30 Apr. 1789, Certificates, Royal Society 5.
Royal Society, Certificates. Elected: Pierre Simon de Laplace, 5 (30 Apr. 1789); Joseph Louis Lagrange, 5 (5 May 1791); Joseph Delambre, 5 (5 May 1791); Joseph Mendoza y Rios, 5 (11 Apr. 1793): Gregorio Fontana, 5 (10 July 1794); David Rittenhouse, 5 (6 Nov. 1794); J.H. Schroeter, 5 (19 Apr. 1798); Joseph Piazzi, 6 (11 Apr. 1803). Proposed: Franz Xaver von Zach, 6 (17 Nov. 1803); W. Obers, 6 (17 Nov. 1803); Carl Friedrich Gauss, 6 (17 Nov. 1803).
30 Nov. 1765, JB, Royal Society 25:663.
Lyons (1944, 197–204).
From a survey of the Minutes of Council, Royal Society 5–8.
Entries from 19 Dec. 1765 to 30 Nov. 1766: Minutes of Council, Royal Society 5: 143, 145–153, 155–158, 160–161, 163–164, 167, 169. Henry Cavendish (1921a). Henry Cavendish to James Douglas, earl of Morton, [9 June 1766], draft, in Jungnickel and McCormmach (1999, 531–533). Cavendish would later be appointed to a committee of eight to consider places for observing the transit. 12 Nov. 1767, Minutes of Council, Royal Society 5: 184.
It depends on how one counts. Committees were often renewed, sometimes becoming virtually new committees with the same or a redefined task.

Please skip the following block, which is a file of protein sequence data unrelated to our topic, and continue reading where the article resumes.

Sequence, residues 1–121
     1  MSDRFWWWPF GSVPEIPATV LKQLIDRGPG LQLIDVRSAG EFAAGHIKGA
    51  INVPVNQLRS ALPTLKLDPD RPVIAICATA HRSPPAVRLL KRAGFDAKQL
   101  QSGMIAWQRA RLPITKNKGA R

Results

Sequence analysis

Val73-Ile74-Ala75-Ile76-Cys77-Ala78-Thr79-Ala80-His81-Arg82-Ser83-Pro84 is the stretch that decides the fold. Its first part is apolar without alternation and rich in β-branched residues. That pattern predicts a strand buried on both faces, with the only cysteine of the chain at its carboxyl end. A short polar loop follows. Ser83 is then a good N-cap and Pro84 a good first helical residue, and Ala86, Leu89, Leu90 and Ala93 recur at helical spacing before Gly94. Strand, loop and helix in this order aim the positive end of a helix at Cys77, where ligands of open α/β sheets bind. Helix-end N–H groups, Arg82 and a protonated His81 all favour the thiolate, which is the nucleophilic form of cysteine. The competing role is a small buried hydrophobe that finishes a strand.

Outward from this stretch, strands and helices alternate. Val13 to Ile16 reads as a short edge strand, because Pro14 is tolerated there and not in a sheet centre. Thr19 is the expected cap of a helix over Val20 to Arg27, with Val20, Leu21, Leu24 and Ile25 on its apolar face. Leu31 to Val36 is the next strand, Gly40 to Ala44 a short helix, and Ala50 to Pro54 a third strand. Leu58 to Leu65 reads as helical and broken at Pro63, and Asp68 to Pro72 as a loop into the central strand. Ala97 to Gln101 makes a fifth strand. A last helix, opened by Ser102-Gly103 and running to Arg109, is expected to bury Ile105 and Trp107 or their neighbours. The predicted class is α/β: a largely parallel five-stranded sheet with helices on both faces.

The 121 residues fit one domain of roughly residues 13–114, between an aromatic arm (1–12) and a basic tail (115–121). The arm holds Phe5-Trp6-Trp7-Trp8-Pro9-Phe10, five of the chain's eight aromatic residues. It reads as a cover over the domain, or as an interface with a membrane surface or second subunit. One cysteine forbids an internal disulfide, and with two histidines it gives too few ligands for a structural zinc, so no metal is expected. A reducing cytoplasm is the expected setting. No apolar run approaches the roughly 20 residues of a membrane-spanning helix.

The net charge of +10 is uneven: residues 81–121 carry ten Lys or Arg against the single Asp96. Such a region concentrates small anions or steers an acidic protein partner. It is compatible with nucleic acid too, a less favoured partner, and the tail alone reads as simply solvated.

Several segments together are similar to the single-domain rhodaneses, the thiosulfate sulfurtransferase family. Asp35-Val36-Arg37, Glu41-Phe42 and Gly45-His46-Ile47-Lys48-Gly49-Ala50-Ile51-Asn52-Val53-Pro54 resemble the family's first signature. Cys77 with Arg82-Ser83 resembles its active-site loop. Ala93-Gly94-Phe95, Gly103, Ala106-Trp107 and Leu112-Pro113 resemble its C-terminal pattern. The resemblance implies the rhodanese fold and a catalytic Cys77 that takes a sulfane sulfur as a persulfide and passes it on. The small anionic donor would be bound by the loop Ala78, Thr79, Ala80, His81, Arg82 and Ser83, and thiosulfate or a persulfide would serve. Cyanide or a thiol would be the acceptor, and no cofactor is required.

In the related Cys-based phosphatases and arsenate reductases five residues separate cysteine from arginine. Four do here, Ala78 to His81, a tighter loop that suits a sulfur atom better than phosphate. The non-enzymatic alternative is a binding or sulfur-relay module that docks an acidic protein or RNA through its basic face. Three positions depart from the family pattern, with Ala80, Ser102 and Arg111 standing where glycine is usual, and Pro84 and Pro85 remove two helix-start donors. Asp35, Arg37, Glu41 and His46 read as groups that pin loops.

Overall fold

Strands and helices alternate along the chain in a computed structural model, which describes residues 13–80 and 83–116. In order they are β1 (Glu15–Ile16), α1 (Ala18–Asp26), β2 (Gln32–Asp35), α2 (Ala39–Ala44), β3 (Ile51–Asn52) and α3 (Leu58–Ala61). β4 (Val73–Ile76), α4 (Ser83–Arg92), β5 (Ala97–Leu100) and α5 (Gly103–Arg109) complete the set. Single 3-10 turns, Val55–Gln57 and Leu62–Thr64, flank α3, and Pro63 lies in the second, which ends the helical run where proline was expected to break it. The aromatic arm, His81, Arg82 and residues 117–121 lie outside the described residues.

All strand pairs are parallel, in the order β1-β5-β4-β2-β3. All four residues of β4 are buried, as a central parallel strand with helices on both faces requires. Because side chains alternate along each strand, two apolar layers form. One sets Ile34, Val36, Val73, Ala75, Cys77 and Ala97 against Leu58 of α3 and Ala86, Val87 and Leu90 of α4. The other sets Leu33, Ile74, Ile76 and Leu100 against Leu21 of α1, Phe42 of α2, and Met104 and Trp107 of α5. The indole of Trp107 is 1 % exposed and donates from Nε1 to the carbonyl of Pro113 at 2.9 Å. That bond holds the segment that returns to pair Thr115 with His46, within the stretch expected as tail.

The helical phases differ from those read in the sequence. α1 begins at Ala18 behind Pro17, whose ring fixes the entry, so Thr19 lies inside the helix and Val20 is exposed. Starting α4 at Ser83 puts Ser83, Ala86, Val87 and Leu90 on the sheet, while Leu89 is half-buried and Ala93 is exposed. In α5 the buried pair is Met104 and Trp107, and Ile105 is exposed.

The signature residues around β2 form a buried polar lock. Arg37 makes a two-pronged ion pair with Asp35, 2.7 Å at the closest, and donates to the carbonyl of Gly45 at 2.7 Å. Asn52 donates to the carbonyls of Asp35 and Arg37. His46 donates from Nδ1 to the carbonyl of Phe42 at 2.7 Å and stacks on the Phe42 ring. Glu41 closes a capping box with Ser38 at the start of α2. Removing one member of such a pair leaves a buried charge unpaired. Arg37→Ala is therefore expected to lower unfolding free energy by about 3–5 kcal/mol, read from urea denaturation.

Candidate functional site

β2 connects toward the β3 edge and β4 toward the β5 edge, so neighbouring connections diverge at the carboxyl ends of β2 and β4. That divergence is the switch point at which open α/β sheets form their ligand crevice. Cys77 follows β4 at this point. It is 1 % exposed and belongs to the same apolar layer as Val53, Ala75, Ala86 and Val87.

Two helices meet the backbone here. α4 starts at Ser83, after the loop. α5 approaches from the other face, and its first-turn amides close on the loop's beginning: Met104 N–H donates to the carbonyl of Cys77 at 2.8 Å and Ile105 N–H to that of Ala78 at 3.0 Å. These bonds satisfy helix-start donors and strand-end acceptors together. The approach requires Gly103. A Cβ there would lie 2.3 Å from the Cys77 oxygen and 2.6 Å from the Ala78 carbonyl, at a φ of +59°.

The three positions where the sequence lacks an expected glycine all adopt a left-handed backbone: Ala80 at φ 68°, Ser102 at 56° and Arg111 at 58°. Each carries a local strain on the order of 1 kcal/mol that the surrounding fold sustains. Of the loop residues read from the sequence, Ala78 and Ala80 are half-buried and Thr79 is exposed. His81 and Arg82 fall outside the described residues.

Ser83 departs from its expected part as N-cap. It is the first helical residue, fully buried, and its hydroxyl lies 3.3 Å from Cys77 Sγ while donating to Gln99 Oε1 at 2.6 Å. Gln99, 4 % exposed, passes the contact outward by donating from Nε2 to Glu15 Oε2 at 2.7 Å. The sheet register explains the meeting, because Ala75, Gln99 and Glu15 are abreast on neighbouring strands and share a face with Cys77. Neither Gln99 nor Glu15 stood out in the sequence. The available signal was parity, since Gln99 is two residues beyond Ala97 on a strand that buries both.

Cavendish served on eight committees with Maskelyne and as many with Aubert.
From a survey of the bound volume of minutes of the Royal Society’s committee of papers, 1 (1780–1828).
The paper proposed a new and easy method for determining the difference of longitude. 19 Feb. 1789, Minutes of Council, Royal Society 7:201.
Thomas Birch to Philip Yorke, 13 June 1761, BL Add Mss 35399, f. 202.
H. Spencer-Jones (1948, 16).
Henry Cavendish, “On the Effects Which Will Be Produced in the Transit of Venus by an Atmosphere Surrounding the Body of Venus,” Cavendish Mss VIII, 27.
In addition to “Thoughts on the Proper Places for Observing the Transit of Venus in 1769,” letter to Morton, and “On the Effects […] by an Atmosphere,” Cavendish wrote these studies: “Computation of Transit of Venus 1761, 1769,” “Method of Finding in What Year a Transit of Venus Will Happen,” “Computation of Transit of 1769 Correct,” and “Computation for 1769 Transit,” Cavendish Mss VIII, 30–33.